In mid-September Canopy Keepers was contacted by a distressed resident from Palmgrove Rd, Avalon, regarding the deliberate poisoning of a magnificent tall grey gum on public land. It is always devastating to see such a selfish act, most commonly committed to achieve a “better” view. The tree still stands, with council planning to leave the dead trunk and branches as a reminder that killing a tree for a view often results in a worse one. But we have an additional plan!
Dead trees can still provide a valuable habitat service, because they often contain hollows that suit a variety of birds, mammals and even insects. Veteran trees with natural hollows are always the best, but with a little expert help, younger trees that have given up the ghost before their time can also house wildlife.
It’s been a long-term mission for Sydney Arbor Trees, who have turned their chainsaws and cherry pickers into instruments of preservation; creating artificial hollows inside the trunks and branches of dead trees. Their hollows are creative, well researched and functional, providing a variety of carved out spaces ranging from ‘bat flats’ and ‘mazes’ for microbats, to made-to-measure homes for small and large parrots and native mammals, with species specific ports of entry. The arborists also choose the most desirable orientation of the habitat for each animal, considering exposure to different weather conditions and predators.
Canopy Keepers are hoping to raise the funds to transform the dead tree into a multi-level home for a variety of animals. In the meantime, we talked to chief arborist Greg Thallon to find out more…
Why did you decide to start adapting dead trees for homes?
Sydney Arbor Trees (SAT) decided to get involved in Habitat Creation after attending a workshop in late 2013 held by the City of Sydney and former Marrickville Councils, run by arborists Ben and Phil Kenyon – the arborists that developed Habitat Creation for Australian applications.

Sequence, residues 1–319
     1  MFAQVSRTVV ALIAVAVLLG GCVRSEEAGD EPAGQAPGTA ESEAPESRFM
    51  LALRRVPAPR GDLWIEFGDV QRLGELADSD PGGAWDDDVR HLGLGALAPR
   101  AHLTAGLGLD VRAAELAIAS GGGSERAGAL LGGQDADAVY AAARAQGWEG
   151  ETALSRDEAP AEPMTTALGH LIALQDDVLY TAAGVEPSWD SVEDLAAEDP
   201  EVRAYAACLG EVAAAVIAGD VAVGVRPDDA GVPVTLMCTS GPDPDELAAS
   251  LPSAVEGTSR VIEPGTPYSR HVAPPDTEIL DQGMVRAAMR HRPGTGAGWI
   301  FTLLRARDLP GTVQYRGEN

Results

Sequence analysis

At that time, Sydney’s tree population was being severely impacted after the introduction of the RFS’s 10/50 code, and the schools’ safety audit that was undertaken in reaction to the death of a student in Pitt Town, and SAT was becoming concerned over the increasing rate at which mature trees were being removed. SAT saw that Habitat Creation works were not being undertaken in NSW and decided to target that niche, for the benefit of our industry, the livability of Sydney, and the critters we share the urban environment with.
How does the creation of these hollows have a beneficial effect beyond the animals it houses?
Healthy ecosystems rely on a diversity of creatures to maintain balance, and urban environments are no exception. Ecosystems rely on vegetation for water and air quality, and vegetation relies on other organisms for services like pollination and controlling ‘pest’ populations. For these other organisms to be able to provide these services, they require places to shelter from predators and raise their young.
Dead wood and vegetation is the basis of most food webs, providing food for all manner of organisms which in return become food for larger organisms. Retaining dead trees and wood onsite – standing or as logs – retains this food source, and also allows the nutrients in the wood to be recycled back into the soil to be used by other vegetation.
Is it safe to leave a dead tree standing?
This usually depends on a few factors, and can be quite a complex assessment to make, and so should always be made by a qualified and experienced arborist.
The following need to be assessed at a minimum:
- The location of the tree and any nearby ‘targets’ (people of property that could be impacted if it fell over).
- The health of the tree, or if it has died, the likely cause.
– If the cause of death/decline is suspected to be any kind of root damage and/or dysfunction, the tree should not be considered for retention as a habitat stag unless there are no targets.
– If the tree still has a full canopy (whether poisoned or still alive) it can be safely assumed that the tree will remain standing after the canopy removed, as the forces acting on it (wind and gravity) are greatly reduced.
- The ability/willingness of the client to undertake ongoing monitoring of the tree (by a qualified and experienced arborist) to ensure the structure of the tree has not deteriorated.
It is important to understand that all trees are inherently dangerous (where targets exist), and so should be regularly maintained and monitored by a qualified and experienced arborist, especially after any significant events or changes at the site, such as construction works or severe storms or bushfires.
What’s the first thing you look at when you assess a tree for habitat creation?
There are 4 important questions to answer during the assessment of habitat tree candidates.
- Is the tree safe to retain (as described above)?
- Which animal/s would the client like to provide habitat for?